Arthritis & Rheumatism, Volume 63,
November 2011 Abstract Supplement
Abstracts of the American College of
Rheumatology/Association of Rheumatology Health Professionals
Annual Scientific Meeting
Chicago, Illinois November 4-9, 2011.
Pandemic Unadjuvanted Influenza A 2009 Vaccine in Adult Dermatomyositis and Polymyositis: Immunogenicity Independent of Therapy and No Harmful Effect in Disease.
Shinjo1, Samuel K., Neto1, Maurício Levy, Silva1, Clovis A., Moraes1, Julio C. B., Ribeiro1, Ana C. M., Saad1, Carla G.S., Aikawa1, Nadia E.
There are specific recommendations for influenza vaccination in systemic autoimmune diseases and the WHO recently recommended that the 20102011 trivalent seasonal flu vaccine must contain the A/California/7/2009 (H1N1) virus. The vaccine potential deleterious effect in adult dermatomyosisits (DM) and polymyositis (PM) and the influence of therapy in antibody response in these diseases has not been explored in our previous report (Ann Rheum Dis, 2011).
Fifty-eight patients (37 DM and 21 PM - Bohan and Peter's criteria, 1975) were gender and age-matched to 116 healthy controls. All subjects were vaccinated with a unadjuvanted influenza A/California/7/2009 (H1N1) strain and evaluated pre- and 21 days post-vaccination. Patients with fever, egg allergy, and autoimmune neurological diseases were not included. Antibody titers were evaluated by hemagglutination inhibition (HAI) assay. Percentage of seroprotection (titer >=1:40) before and after immunization, and seroconversion (pre-vaccination titer <1:10 and a post vaccination HIA titer >=1:40 or pre-vaccination titers >=1:10 and a >= 4-fold rise post-vaccination) were calculated. Adverse events of vaccination were also analyzed. DM/PM muscle enzyme and scores (patient's visual analog scale (VAS), physician's VAS and MMT-8 (manual muscle strength score)) were evaluated before and after vaccination.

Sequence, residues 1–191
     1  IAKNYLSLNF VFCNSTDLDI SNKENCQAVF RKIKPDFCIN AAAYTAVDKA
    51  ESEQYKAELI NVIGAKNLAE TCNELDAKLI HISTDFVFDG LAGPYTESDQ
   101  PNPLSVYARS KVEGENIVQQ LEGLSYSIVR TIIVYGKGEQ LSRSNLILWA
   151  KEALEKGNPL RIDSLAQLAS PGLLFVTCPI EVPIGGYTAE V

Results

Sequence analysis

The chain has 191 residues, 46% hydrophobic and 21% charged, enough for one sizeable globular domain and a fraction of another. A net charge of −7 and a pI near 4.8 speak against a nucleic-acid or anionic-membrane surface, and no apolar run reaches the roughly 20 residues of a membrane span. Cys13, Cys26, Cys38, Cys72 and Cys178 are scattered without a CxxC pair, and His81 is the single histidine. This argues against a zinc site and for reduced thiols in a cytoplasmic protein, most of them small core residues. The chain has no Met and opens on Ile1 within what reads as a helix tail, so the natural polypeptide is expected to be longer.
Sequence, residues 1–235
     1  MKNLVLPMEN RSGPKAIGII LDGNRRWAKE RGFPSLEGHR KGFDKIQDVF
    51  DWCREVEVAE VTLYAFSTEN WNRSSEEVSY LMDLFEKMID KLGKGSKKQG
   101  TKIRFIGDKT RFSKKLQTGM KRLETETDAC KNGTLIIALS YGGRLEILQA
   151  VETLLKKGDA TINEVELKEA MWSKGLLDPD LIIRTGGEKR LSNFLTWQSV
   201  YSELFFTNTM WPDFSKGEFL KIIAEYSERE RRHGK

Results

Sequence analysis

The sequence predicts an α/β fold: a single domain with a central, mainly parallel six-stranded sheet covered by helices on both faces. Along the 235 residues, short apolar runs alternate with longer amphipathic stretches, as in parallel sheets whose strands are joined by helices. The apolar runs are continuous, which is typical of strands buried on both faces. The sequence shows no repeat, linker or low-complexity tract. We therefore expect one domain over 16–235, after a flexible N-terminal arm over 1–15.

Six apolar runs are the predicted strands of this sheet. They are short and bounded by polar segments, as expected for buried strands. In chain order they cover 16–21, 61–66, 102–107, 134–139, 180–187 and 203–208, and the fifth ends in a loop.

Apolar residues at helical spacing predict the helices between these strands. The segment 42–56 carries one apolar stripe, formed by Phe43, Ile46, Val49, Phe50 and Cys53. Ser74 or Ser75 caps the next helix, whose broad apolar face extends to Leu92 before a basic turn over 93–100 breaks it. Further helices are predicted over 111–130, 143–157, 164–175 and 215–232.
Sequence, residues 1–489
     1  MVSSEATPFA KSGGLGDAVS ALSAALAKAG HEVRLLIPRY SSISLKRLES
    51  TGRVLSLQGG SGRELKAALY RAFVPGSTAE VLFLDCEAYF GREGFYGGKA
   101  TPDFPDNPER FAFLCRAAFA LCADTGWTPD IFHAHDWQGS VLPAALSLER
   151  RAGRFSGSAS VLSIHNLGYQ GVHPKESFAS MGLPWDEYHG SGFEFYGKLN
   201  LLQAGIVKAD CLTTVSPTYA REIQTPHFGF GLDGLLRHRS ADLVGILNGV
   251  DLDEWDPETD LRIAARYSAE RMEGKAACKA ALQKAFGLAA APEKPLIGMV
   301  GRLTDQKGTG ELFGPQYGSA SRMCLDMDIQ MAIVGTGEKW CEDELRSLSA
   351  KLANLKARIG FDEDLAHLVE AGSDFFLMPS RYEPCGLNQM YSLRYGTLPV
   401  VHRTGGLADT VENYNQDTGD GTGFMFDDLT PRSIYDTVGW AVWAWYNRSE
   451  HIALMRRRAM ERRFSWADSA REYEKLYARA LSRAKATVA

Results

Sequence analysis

Mean age (43.1±9.9 vs. 43.8±8.4 years, P=0.607) and frequency of female gender (P=1.000) were comparable in patients and controls with a mean DM/PM duration of 7.3±3.0 years. Seroprotection (72.4%vs. 84.5%, P=0.058) and seroconversion rates (72.4%vs. 78.5%, P=0.377) were similar in both groups. Of note, patients under glucocorticoids and/or immunosupressors (72.4%) also reached an adequate seroconversion rate (69.8%vs. 78.5%, P=0.254), including those 9 patients under prednisone >=0.5mg/kg/day (88.9%vs. 78.5%, P=0.254). Disease activity and muscle parameters remained stable during the protocol (pre and post-vaccination): CK 224.1±209.0 vs. 242.1±256.9U/L, aldolase 5.8±5.9 vs. 5.8±5.4U/L, MMT-8 77.7±5.3 vs. 77.8±5.2, patient's VAS 9.5±0.9 vs. 9.5±0.9, physician's VAS 9.3±0.8 vs. 9.6±0.7 (all P>0.05) and seroconversion rate was similar to controls in eight patients with active disease (75.0 vs. 78.5%, P=0.819). The frequencies of minor local reactions (8.6 vs. 11.2%, P=0.597) and of mild systemic reactions (15.5 vs. 25.7%, P=0.123) were alike in patients and controls, without any report of severe side effects.
This prospective study of pandemic influenza A H1N1/2009 vaccination in DM/PM patients emphasizes its recommendation supported by novel evidence of its adequate immunogenicity in spite of therapy with no short-term harmful effect in disease itself (ClinicalTrials.gov number, NCT01151644).
To cite this abstract, please use the following information:
Shinjo, Samuel K., Neto, Maurício Levy, Silva, Clovis A., Moraes, Julio C. B., Ribeiro, Ana C. M., Saad, Carla G.S., et al; Pandemic Unadjuvanted Influenza A 2009 Vaccine in Adult Dermatomyositis and Polymyositis: Immunogenicity Independent of Therapy and No Harmful Effect in Disease. [abstract]. Arthritis Rheum 2011;63 Suppl 10 :821